How to create an array of specific length populated by random uniform values within a range

#1

Hello, beginner Julia user here.

This is a continuation of a previous post where I wanted to create a random uniform distribution between 0 (which is excluded) and 10 (included). I am making a second post but keeping the range general in the hope it will help someone one day.

So for example:
I would like an array of length 8
In this array I would like to randomly generate 8 values
These values fall uniformly within the ranges of 2 and 7.

I guess this could also be phrased as,
How to generate 8 random uniform values between 2 and 7, and place them within an array?

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#2
5 .* rand(8) .+ 2

(broadcasting the multiplication as well makes it a tiny bit faster)

Here is the documentation on broadcasting btw.

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#3

Thank you for your reply.

What does the 5 and +2 represent?

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#4

Another way of thinking of uniformly distributed random values between 2 and 7 is uniformly distributed random values between 0 and 5 and then adding 2 to those. The rand function generates values in [0, 1], so if you multiply that by 5, you get values in [0, 5].

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#5

You could also do [5rand()+2 for i=1:8] to eliminate the temporary rand(8) array.

Alternatively, using the Distributions.jl package, you can do

using Distributions
rand(Uniform(2,7), 8)

which is maybe a bit clearer, and generalizes better to other types of distributions if you need that flexibility.

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#6

This is how you should think. (pardon me english)

  1. The range of value is from 2 to 7 therefore the span is 7 - 2 = 5.

  2. The offset is 2 because the smallest number is 2.

  3. Create a random number generator with span 5 and offset 2

julia> function myrng()
       return 2.0 + 5.0 * rand()
       end
myrng (generic function with 1 method)
  1. finally create your array
julia> a = [ myrng() for n in 1:8 ]
8-element Array{Float64,1}:
 4.636049027494998
 5.061366873363691
 6.420185007452647
 6.955145662491416
 2.708159366136055
 6.223899415297151
 6.682556947797874
 4.927220645178398

or you can use

julia> 5.0 .* rand(8) .+ 2.0
8-element Array{Float64,1}:
 2.2677134636706024
 6.9686960119949095
 5.713372377688906 
 4.253700066196062 
 3.483397341546835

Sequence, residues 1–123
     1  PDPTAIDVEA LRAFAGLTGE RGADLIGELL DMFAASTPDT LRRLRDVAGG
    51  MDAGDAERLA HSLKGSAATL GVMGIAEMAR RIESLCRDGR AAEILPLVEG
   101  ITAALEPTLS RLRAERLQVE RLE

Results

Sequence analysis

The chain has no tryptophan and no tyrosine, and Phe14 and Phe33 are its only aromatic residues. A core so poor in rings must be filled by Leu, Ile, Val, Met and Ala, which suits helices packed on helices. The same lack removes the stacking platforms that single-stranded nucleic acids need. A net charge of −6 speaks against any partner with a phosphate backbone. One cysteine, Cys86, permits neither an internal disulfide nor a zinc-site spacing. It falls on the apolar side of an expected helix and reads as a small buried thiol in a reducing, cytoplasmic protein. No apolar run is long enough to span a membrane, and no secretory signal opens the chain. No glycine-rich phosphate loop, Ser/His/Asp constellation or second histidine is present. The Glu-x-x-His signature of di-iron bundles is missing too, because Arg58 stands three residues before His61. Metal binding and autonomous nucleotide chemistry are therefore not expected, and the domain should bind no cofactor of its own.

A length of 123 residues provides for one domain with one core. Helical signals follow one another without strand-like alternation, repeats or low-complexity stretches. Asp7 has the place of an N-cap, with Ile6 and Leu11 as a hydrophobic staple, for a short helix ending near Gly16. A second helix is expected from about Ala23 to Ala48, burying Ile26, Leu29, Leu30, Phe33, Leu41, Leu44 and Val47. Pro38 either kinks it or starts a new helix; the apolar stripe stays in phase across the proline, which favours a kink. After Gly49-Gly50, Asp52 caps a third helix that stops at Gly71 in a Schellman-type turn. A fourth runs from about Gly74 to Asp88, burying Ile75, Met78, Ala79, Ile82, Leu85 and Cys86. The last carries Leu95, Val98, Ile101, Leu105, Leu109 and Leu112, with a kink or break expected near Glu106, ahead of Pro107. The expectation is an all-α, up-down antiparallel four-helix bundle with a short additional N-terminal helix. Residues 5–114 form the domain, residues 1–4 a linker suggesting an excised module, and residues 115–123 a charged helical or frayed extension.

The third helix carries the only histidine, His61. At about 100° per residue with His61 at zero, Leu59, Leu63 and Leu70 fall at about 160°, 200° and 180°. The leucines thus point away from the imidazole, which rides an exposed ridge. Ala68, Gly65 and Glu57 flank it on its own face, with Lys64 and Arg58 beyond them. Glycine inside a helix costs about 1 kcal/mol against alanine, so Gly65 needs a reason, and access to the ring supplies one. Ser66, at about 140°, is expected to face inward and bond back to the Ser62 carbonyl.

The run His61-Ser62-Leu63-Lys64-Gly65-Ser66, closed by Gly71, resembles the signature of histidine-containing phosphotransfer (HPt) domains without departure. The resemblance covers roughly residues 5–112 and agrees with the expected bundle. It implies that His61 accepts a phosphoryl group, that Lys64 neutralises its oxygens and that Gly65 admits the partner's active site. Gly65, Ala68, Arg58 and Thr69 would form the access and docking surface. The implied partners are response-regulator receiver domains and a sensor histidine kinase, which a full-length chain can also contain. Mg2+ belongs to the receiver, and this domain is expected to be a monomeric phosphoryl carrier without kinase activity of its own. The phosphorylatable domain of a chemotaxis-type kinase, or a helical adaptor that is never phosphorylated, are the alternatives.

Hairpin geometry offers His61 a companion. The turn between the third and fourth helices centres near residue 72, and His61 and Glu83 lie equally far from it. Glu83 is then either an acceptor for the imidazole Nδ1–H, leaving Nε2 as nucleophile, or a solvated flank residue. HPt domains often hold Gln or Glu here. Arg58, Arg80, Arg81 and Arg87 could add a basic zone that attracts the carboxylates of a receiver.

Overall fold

4.291678326242685 
 3.094738077434428 
 6.920131322028918

Any in case you are curious, this could come out with the exact number 2.0 but will NEVER come out with the exact number 7.0

If you want to include both 2.0 and 7.0 then replace rand() with rand_ZeroAndOneIncluded()

julia> function rand_ZeroAndOneIncluded()
       return rand()/prevfloat(1.0)
       end
rand_ZeroAndOneIncluded (generic function with 1 method)
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#7

If this is a common problem, then perhaps the best way to help others is to make a small PR to Distributions with a variant of Uniform that does this. Or even generalizing the idea to other (half)bounded distributions.

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#8

I recall from your previous question that there was a big discussion on your requirement that you want a random number in the range (F1,F2], in other words that F1 is excluded and F2 included. The “problem” is that rand() defaults to producing numbers in the range [0,1), i.e., lower bound included and upper bound excluded. In that thread, someone suggested that 1-rand() produces numbers in the range (0,1]. Thus, I think you can do:

function my_rand(F1,F2,dims...)
    return F1 .+ (F2-F1)*(1 .- rand(dims...))
end

If you want a function that returns a scalar when dims is skipped, you can add the method:

function my_rand(F1,F2)
    return F1 + (F2-F1)*(1-rand())
end

A couple of examples (assuming the functions have been defined):

julia> my_rand(2,7,8)
8-element Array{Float64,1}:
 6.826654827094337
 6.4343778115292025
 2.078598954398351
 5.963089683352704
 6.729404550779482
 6.2861095743137465
 5.70630650452843
 3.127727841177605

julia> my_rand(2,7,2,3)
2×3 Array{Float64,2}:
 4.41794  5.86907  2.04626
 6.27201  3.7892   2.90218

julia> my_rand(2,7)
5.92523692894661

If you want efficient code, some of the other suggestions may be better.

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#9

Actually, as the last bit of a value produced by rand is 0, you need to call rand() / prevfloat(1.0, 2) in order to have 1.0 included in the possible outcomes.

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#10

Stepping back a bit from the immediate problem, the best approach may not be designing a function that can ensure random draws \in (a, b], but an algorithm that can deal with =a robustly.

It is common to have modeling problems where eg some x \in D holds for an open subset of \mathbb{R}^n. Then for continuous functions f_i, it of course follows that f_1(x) \in f_1(D), f_2(f_1(x)) \in f_2(f_1(D)), etc.

But for floating point, numerical error will inevitably creep in, especially for complex transformations. At that point the algorithm should be able to cope with x \in D but f_n(\dots) being “invalid”, eg

  1. by returning a -Inf log likelihood/posterior for likelihood-based inference,
  2. by not recording a simulated sample and trying again for MC simulation,
  3. “regularizing” the value so that it is valid (eg for x < a, replace with a+\epsilon, this is sometimes not innocuous though).
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